However, administrative issues (vacation, reviews, and sick days), will still need to be addressed. In order to not take time away from the PM (and thereby take away time from the project) an administrative manager is used. Often this administrative manager (also called a resource manager) will support a group as large as 100-150 engineers. This resource manager will track vacations, sick days, time entry, etc. In addition, there are three main areas besides administrative the resource manager addresses and this where they really add value to the organization. 1) Is determining when additional resources need to be added to the team and 2) when skills of existing resources need to be upgraded and 3) when new skills need to be added (e.g. social media consultants/engineers) to the current set of resources. The resource manager forecasts resource requirements based on current project load and sales that are in progress to determine when additional people are needed. The second area is addressed when the resource manager solicits feedback from the project managers and sales teams to determine if the skills set of the current engineers are adequate for the current projects and expected future projects. This feedback is used collectively to analysis the skills set of a particular type of engineer and is not used to evaluate individuals. Skill set evaluations will identify those set of engineers that need additional training classes to keep their skills current (or required certifications current). If skill sets need to be upgraded for that type of engineer, then the resource manager will work with the internal training department or a training organization, to craft education to fill this void. In addition the resource manager will determine, based on discussion with the sales and delivery teams, if new skills need to be acquired for the team to meet new project requirements or to have the talent available for new projects (i.e. new service offerings that require skills not in the current talent base).

How to Avoid Unprofitable Projects

The project management office determines the entire process for selling and managing of projects. Before a single project is sold, the services organization creates a business case for the service, defines the scope of the service, the type of skills needed to deliver the service and the activities contained within the service. In addition, the deliverables of the service are created and responsibility for the individual deliverables is determined (i.e. engineering, project manager, operations, etc.). Templates are created for each of the deliverables.

The sales and delivery process for a service organization would be established as follows: The sales team identifies an opportunity and as the deal is qualified, brings in a person that has delivery responsibility for that type of project. This person would be responsible for signing the contract along with revenue responsibility and project Profit and Loss (P&L). They are responsible for the entire project. Often in organizations this person is known as a Practice Manager or a Principal. But the sales team doesn’t just hand off the opportunity to a Practice Manager. Jointly sales and delivery make the sale. The sales team has be integrated with the delivery team with clear lines of the responsibility so the SOW gets created in a timely manner and all the necessary areas are addressed. Every resource needs to be aligned to and have ownership in success of a project.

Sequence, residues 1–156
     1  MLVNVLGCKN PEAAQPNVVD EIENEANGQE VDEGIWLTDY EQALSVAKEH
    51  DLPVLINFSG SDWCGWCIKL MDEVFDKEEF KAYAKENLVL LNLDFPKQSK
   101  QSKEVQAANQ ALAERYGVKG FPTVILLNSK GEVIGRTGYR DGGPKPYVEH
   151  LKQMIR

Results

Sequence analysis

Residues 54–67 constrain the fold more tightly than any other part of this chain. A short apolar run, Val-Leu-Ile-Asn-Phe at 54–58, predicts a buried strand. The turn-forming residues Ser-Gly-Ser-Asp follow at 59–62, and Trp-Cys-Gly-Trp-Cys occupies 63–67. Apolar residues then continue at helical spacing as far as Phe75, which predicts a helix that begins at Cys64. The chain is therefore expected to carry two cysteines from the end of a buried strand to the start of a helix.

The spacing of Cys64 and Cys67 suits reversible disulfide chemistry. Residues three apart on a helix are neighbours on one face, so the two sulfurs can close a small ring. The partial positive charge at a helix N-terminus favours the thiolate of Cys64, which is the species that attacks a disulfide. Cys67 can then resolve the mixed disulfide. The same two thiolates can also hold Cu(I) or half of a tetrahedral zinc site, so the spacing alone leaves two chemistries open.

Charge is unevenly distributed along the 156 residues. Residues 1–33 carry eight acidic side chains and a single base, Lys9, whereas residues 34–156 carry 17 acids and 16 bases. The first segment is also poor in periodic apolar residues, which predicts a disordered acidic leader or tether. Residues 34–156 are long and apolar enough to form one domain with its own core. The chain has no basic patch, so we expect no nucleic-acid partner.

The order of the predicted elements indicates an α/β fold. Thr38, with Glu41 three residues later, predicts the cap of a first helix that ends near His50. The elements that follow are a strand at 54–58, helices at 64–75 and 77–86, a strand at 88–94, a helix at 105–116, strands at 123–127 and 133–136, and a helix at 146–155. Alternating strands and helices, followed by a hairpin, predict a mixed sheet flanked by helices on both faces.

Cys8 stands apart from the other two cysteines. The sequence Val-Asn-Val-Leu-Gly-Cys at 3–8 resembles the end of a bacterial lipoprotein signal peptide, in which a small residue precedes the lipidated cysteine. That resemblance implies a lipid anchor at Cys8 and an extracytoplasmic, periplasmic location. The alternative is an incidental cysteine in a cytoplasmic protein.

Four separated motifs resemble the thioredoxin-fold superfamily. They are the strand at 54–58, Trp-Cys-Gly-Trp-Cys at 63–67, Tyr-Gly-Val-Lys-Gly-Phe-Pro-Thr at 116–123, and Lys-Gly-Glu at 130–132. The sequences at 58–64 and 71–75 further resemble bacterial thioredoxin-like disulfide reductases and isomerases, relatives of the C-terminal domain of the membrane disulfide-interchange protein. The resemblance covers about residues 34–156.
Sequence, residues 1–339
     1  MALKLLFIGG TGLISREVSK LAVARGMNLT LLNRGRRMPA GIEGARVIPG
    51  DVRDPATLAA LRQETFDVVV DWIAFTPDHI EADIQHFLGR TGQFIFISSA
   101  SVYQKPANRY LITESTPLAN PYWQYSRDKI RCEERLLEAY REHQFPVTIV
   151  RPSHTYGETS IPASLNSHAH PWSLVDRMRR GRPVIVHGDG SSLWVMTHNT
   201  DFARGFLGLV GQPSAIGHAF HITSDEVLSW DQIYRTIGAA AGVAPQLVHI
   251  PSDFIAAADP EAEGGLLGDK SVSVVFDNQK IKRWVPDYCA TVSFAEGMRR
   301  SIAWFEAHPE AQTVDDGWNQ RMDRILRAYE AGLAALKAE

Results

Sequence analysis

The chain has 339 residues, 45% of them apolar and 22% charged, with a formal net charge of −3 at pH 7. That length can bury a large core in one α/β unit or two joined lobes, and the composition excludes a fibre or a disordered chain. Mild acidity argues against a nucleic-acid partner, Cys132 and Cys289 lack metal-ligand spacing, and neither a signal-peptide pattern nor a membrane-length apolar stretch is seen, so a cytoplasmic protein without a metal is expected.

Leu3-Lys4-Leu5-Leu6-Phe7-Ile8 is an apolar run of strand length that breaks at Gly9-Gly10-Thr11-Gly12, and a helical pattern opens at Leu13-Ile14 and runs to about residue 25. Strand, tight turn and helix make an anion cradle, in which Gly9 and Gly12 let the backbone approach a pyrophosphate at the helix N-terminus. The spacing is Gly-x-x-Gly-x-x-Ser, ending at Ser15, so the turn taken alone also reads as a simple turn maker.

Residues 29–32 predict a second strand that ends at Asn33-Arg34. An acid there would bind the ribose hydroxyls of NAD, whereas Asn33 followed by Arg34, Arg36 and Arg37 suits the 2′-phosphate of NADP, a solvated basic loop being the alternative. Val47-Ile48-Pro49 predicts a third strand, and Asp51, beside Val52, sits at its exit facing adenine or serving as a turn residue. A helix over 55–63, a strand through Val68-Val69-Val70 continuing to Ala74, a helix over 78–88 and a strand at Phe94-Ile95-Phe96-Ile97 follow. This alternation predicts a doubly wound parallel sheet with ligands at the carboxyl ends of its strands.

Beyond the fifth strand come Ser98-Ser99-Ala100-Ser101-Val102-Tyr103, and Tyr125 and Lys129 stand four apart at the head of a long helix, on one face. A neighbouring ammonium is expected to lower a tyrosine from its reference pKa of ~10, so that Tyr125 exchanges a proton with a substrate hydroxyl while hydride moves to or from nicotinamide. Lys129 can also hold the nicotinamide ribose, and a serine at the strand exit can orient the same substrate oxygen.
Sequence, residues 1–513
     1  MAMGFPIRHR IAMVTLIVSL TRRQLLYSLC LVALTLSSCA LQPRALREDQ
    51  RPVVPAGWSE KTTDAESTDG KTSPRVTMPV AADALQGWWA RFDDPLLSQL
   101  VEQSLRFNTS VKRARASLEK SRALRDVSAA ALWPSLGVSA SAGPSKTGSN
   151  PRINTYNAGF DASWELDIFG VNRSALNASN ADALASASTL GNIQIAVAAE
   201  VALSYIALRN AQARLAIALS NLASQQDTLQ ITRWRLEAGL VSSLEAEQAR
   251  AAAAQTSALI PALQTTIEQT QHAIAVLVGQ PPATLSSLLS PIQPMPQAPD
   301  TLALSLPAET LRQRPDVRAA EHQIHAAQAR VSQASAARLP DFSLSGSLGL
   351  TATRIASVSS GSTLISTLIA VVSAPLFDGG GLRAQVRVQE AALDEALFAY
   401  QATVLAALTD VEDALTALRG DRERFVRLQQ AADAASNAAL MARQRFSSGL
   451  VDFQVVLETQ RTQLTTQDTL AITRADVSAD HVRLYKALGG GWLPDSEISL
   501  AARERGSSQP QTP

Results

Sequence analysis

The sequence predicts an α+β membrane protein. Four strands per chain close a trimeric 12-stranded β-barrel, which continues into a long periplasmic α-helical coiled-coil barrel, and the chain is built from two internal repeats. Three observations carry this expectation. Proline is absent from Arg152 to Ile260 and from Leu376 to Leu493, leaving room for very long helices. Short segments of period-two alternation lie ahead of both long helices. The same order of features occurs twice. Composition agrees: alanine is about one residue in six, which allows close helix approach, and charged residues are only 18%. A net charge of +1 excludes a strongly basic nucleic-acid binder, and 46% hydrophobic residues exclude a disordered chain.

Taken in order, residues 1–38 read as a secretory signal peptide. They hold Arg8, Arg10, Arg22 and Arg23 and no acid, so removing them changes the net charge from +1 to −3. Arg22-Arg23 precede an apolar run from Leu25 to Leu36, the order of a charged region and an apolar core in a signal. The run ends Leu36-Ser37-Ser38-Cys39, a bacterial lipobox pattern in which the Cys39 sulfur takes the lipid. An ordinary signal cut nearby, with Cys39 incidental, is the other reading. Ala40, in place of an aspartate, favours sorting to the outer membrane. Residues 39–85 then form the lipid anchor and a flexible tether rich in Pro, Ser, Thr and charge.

Compensation for all involved parties has to be tied to successful completion/operation of a project, which means the project is profitable. The compensation package for sales cannot be based strictly commission on the sale of a service. A large part of the compensation has to be successful delivery of the service, whether the project is a 3 month deployment or a 3 year outsourcing deal. By paying compensation over the duration of the project, the sales person will try very hard to sign a profitable deal. The sales team may balk as such a type of incentive package with the argument “I’m not responsible for the delivery team and have no control over their success or failure.” A valid argument, however, sales needs to see it from the other side. How does the delivery team know that there have been sufficient hours written into the statement of work for all the delivery areas? How can the delivery team ensure that all the requirements have been gathered from the customer? Delivery can provide detailed input to the Statement of Work (SOW) and make sure the assumptions and project requirements are in sufficient detail for a well-defined scope, which can help mitigate risk. Without successful project completion incentives, there is no incentive for sales to close deals that can be profitably delivered. There are many valid reasons the delivery team needs to have joint responsibility in the creation of the SOW.

Conclusion

In creating a services business it is important to take a project approach in building and compensating the organization. By designing the service prior to selling it and thereby determining the deliverables and the associated costs, an organization has a much better chance of selling and delivering profitable projects.